Even with aging and at-risk hardware, installations, and infrastructure, there are still many steps that utility maintenance companies can take towards the maintenance of substation equipment.


Inspection and Cleaning

High-voltage insulators need to be inspected on a routine basis. They are likely to need cleaning just as frequently.


When the surface of any high voltage insulator has any material settling on it, there will inevitably be a reduction in its insulating properties. Modeling and predicting this issue is very complicated, although you can count on two things happening sooner or later without cleaning:

  • Arcs will form

  • Or a flashover will happen

Either can result in possible damage to the equipment, service interruptions, and labor costs that utility maintenance companies simply didn't plan on. Consumers won't believe that the maintenance of substation equipment is happening in an orderly fashion if they weren't warned about the power outage first, so spinning this in a positive light might make public relations even worse.


When utility maintenance companies consistently make inspections and clean routine components as part of their maintenance of substation equipment, they can prevent the accumulation of all contaminants. Practices like these also reveal damage from many other sources. These can include manufacturing defects and corona effects.


Repainting Surfaces

In addition to regular inspections and cleaning, painting should be a regular activity. The moment someone notices rust on any transformer, the time has come to schedule a round of transformer painting. When a coating has failed at one spot, it's usually indicative of coatings close to failing on many other surfaces. This is especially true for transformers grouped at a location with similar ages and consistent exposure to wear and tear.


Repainting is an effective means to remove rust. When utility maintenance companies are able to prevent deep corrosion from happening because of their maintenance of substation equipment, they'll make sure their installations last a lot longer.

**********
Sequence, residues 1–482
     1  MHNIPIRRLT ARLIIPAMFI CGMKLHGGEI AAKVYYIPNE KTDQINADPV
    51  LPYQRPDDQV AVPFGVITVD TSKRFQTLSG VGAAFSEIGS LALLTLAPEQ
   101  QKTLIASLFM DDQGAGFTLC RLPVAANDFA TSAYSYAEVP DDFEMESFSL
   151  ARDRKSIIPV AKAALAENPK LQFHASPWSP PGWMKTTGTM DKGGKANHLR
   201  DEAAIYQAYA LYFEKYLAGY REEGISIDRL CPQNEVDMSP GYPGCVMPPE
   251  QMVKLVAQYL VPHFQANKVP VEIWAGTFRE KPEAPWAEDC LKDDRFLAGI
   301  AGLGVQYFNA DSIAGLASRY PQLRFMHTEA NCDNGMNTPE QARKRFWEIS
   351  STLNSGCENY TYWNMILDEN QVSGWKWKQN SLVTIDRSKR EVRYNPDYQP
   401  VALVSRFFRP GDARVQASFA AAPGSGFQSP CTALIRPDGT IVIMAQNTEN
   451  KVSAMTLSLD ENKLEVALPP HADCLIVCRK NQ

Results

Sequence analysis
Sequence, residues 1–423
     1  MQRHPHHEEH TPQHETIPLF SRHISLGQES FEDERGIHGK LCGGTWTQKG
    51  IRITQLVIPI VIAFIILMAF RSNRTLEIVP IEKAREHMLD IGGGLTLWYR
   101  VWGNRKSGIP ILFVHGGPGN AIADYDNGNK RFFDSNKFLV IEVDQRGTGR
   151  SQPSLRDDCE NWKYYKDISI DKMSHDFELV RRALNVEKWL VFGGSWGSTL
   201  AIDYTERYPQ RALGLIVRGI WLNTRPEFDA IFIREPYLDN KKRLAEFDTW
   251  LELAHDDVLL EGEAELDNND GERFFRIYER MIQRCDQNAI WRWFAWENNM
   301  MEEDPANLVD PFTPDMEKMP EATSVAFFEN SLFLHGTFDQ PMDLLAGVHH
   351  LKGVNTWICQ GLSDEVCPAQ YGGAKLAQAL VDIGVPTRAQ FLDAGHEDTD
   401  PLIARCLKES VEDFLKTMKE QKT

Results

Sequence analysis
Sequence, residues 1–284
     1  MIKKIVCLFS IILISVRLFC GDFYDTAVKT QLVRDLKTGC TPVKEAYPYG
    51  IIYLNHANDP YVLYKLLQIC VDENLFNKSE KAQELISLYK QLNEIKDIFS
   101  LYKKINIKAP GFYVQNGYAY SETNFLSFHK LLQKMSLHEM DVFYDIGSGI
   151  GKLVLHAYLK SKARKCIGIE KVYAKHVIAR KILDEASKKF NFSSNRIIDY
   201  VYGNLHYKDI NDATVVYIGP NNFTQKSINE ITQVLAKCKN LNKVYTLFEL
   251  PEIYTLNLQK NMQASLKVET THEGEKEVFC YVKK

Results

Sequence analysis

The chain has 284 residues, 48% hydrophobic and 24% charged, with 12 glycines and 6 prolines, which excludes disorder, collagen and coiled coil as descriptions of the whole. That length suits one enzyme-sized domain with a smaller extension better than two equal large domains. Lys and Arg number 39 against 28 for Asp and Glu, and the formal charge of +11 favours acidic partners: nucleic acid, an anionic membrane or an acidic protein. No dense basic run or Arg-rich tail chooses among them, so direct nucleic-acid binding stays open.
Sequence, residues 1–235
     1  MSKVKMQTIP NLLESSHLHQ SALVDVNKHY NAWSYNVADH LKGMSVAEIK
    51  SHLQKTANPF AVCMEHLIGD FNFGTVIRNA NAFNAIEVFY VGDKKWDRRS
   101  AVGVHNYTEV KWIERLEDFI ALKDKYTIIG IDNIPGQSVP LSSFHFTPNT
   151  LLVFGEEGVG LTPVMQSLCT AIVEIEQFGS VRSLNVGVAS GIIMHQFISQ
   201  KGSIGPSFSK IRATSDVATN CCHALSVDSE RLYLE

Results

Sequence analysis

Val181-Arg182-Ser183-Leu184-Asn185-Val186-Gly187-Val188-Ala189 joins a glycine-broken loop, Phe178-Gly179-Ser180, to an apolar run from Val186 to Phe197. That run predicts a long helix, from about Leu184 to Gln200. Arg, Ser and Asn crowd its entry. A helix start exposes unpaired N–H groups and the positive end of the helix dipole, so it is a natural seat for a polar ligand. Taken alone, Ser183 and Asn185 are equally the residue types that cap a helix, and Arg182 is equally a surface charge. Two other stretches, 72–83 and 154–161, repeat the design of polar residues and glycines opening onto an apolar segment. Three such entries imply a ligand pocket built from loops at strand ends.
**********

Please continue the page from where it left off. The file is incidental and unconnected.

Good coatings also prevent the intrusion of water and moisture. While moisture-related failures account for a small percent of all transformer failures, the presence of water inside a transformer can shorten dielectric oil lifespan. This reduces efficiency and speeds up your intervals between refurbishments and overhauls.


Utility maintenance companies that do regular rust removal and painting as part of their maintenance of substation equipment will also keep their systems cooler. Rust is a known thermal insulator that impacts operating temperatures and pump loads. Cooling fins and pipes in the cooling systems will also suffer fewer leaks. This is actually a very common failure mode for transformer cooling systems.


Responding to Corrosion Penetration

Any structure or equipment made using steel has to be analyzed all the time for corrosion. Load-bearing structures of substantial size, including pylons and line supports, are especially susceptible to mechanical failure thanks to corrosion. These structures face dynamic loads where weather constantly shifts the loads across the whole structure. This lets rust penetrate deeper and faster into the components, much like what happens with bridges.


Instrumentation transformers also suffer greatly from penetrating corrosion. Moisture contamination even through the smallest of leaks can result in: